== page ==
Can blood in the body move smoothly without the heart? The answer is a definite “NO”! We can then establish the fact that it is not necessarily the inadequacy of liquidity itself that is affecting operations of these financial institutions, but rather a poor rhythm of their “heart” – the Treasury function. What role does this heart play in the body of a financial institution?
Treasury – the heart function
As I have tried to establish, the Treasury unit must be considered as the heart that pumps blood (liquidity) at regular intervals to other branches (parts) of the bank (body). In that vein, its relevance in the set-up of any financial institution should not be relegated to the background. To note, one of the duties of the Treasury is to communicate regularly with branches regarding cash (including deposits and investments) that has been taken from customers, and the extent of loans and advances to be given. This function requires strategic planning and effective coordination between the Finance Unit and Credit Unit (Assets and Liability Committee, ALCO) for the efficient and smooth flow of operations.
At the same time, the Treasury department is responsible for ensuring that all branches, as well as ATMs (Automated Teller Machines), if any, are well-stocked with cash to meet withdrawal levels. Over the years, during festive seasons like Christmas the volume of buying and selling increases; therefore, it is prudent to forecast the level of withdrawals and plan sufficiently for it.
The year-on-year problems in the non-bank financial services sector convince me to assert strongly that many of them do not have a well-functioning Treasury unit; and where they have it, it is weak and characterised by poor planning and coordination between the Treasury function and the Assets and Liability Committee (ALCO) – resulting in a mismatched relationship between lending and investments(deposits), hence shortage of cash (liquidity problems).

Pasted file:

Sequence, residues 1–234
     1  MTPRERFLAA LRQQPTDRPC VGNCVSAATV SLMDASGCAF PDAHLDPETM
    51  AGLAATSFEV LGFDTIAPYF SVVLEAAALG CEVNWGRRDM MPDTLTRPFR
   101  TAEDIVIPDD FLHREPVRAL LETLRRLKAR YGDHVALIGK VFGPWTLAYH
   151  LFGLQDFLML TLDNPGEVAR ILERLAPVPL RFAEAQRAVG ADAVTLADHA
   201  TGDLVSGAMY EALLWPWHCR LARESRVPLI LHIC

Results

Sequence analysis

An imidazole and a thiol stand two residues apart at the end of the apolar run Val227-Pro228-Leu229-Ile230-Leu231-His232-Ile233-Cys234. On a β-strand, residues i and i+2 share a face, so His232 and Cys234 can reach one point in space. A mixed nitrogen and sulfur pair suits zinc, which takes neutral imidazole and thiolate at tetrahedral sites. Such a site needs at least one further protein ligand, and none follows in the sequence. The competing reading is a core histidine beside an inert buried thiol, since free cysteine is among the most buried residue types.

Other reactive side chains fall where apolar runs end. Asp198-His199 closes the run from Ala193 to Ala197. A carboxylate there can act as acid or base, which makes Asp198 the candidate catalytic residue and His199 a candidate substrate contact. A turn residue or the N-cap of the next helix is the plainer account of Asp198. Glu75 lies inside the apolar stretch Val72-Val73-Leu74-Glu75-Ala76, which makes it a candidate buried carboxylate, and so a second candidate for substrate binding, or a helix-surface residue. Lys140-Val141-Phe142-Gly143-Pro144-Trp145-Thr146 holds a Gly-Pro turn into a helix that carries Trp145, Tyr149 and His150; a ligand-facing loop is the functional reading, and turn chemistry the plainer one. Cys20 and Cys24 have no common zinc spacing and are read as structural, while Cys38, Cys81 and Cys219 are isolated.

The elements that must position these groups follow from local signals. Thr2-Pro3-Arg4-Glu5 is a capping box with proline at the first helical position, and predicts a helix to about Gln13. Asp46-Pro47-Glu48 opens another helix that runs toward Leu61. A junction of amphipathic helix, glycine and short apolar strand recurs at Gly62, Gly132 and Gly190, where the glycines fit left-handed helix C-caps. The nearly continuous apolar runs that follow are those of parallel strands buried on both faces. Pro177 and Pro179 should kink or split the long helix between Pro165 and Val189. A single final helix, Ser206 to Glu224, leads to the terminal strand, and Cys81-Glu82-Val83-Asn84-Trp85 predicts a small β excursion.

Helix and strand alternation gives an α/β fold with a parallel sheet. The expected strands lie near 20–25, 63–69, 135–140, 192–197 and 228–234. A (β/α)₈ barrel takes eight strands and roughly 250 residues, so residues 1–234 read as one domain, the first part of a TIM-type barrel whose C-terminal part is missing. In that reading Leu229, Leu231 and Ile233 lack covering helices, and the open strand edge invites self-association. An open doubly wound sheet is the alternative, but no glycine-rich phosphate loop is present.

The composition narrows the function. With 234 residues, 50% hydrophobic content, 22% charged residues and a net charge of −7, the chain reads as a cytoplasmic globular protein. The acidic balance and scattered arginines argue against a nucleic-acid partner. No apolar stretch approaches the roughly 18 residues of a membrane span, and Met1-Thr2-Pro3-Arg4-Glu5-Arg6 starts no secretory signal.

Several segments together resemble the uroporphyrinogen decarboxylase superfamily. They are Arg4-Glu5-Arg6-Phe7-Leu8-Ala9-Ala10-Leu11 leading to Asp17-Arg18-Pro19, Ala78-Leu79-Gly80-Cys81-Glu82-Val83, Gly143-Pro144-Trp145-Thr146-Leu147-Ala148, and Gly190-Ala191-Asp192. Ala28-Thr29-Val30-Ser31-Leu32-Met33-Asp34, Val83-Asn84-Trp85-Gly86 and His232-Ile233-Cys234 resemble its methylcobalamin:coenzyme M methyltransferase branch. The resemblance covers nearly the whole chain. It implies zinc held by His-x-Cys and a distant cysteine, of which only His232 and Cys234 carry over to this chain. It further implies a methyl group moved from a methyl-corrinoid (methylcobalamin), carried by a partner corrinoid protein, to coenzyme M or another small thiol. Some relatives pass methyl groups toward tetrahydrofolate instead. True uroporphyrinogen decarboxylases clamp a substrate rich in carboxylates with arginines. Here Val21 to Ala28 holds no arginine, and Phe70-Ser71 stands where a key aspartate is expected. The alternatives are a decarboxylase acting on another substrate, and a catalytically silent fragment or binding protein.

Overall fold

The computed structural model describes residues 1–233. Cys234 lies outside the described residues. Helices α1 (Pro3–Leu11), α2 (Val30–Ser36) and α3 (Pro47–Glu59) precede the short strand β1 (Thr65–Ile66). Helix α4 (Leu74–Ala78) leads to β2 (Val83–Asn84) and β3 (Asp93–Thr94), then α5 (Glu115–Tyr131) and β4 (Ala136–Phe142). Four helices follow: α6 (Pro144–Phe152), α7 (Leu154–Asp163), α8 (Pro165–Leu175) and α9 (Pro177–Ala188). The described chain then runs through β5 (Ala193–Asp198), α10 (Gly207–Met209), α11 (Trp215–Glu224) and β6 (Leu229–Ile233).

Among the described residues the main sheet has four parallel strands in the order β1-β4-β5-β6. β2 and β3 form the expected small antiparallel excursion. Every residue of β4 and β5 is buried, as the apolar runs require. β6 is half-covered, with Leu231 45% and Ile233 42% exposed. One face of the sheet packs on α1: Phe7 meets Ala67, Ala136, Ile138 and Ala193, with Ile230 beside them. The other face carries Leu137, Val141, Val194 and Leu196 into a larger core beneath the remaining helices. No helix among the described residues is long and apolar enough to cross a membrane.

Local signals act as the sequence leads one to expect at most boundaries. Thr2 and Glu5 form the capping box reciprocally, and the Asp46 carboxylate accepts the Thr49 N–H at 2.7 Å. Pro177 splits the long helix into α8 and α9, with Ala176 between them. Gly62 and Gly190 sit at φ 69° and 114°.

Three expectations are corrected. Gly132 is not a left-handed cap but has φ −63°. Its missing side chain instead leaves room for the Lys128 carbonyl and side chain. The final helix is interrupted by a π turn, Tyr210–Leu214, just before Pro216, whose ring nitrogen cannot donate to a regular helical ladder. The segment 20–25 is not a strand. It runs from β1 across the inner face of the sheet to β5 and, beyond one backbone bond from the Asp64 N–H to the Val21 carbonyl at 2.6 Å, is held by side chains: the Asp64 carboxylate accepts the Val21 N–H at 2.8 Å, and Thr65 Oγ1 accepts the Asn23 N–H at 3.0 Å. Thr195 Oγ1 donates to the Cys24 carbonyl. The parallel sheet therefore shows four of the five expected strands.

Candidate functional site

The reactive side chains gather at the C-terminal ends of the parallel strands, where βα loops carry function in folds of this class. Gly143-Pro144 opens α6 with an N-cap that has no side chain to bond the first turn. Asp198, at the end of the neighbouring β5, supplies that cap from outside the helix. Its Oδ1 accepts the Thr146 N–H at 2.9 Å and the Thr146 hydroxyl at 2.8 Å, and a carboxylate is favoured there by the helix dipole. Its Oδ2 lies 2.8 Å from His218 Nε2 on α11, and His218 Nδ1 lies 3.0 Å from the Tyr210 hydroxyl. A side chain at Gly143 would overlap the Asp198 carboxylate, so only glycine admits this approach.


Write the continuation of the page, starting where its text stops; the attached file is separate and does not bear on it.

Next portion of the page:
My assertion is firmly anchored on the fact that even if a deposit-taking financial institution has all the cash reserves of this world in its vault, it would still run into liquidity problems when the Treasury function is neglected or not in place to plan the cash management and its flow.
Notably, more than sufficient cash (liquidity) could be a build-up to an unhealthy practice of engaging in a lending spree without second-guessing its implications when the Treasury function is on the back-burner.
Of course, ineffective loan recovery lurks in the shadows, and maintaining a stable balance between liabilities and loan disbursement and its recovery is necessary – but we should not lose sight of the fact that a proactive Treasury unit is the starting point of responsibilities to foresee mismatches and how they can be prevented on time.
In fact, it is visibly clear and should not be denied that when financial institutions run out of cash, it severely dents their reputation. This is the reason Treasury units come in handy, to ensure that enough cash is always available wherever required to avoid such a situation from raising its ugly head. At this stage of the conversation we need to take a breather, sip a glass of water to keep the blood moving smoothly through the heart and make it more energised for better coordination of our thoughts.